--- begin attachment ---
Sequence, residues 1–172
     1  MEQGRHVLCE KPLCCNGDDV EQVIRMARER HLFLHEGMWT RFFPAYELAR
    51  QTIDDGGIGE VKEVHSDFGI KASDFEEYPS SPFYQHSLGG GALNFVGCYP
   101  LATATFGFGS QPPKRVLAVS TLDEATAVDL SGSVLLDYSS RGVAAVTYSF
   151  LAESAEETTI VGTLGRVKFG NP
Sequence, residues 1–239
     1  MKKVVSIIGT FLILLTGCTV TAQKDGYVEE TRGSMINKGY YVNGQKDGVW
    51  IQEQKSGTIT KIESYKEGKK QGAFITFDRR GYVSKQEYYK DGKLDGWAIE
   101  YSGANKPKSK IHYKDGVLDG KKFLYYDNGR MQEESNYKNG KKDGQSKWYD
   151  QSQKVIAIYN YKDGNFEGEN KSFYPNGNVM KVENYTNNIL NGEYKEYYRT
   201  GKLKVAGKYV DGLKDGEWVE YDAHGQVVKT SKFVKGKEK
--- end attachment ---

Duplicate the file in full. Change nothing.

Sequence, residues 1–172
     1  MEQGRHVLCE KPLCCNGDDV EQVIRMARER HLFLHEGMWT RFFPAYELAR
    51  QTIDDGGIGE VKEVHSDFGI KASDFEEYPS SPFYQHSLGG GALNFVGCYP
   101  LATATFGFGS QPPKRVLAVS TLDEATAVDL SGSVLLDYSS RGVAAVTYSF
   151  LAESAEETTI VGTLGRVKFG NP
Sequence, residues 1–239
     1  MKKVVSIIGT FLILLTGCTV TAQKDGYVEE TRGSMINKGY YVNGQKDGVW
    51  IQEQKSGTIT KIESYKEGKK QGAFITFDRR GYVSKQEYYK DGKLDGWAIE
   101  YSGANKPKSK IHYKDGVLDG KKFLYYDNGR MQEESNYKNG KKDGQSKWYD
   151  QSQKVIAIYN YKDGNFEGEN KSFYPNGNVM KVENYTNNIL NGEYKEYYRT
   201  GKLKVAGKYV DGLKDGEWVE YDAHGQVVKT SKFVKGKEK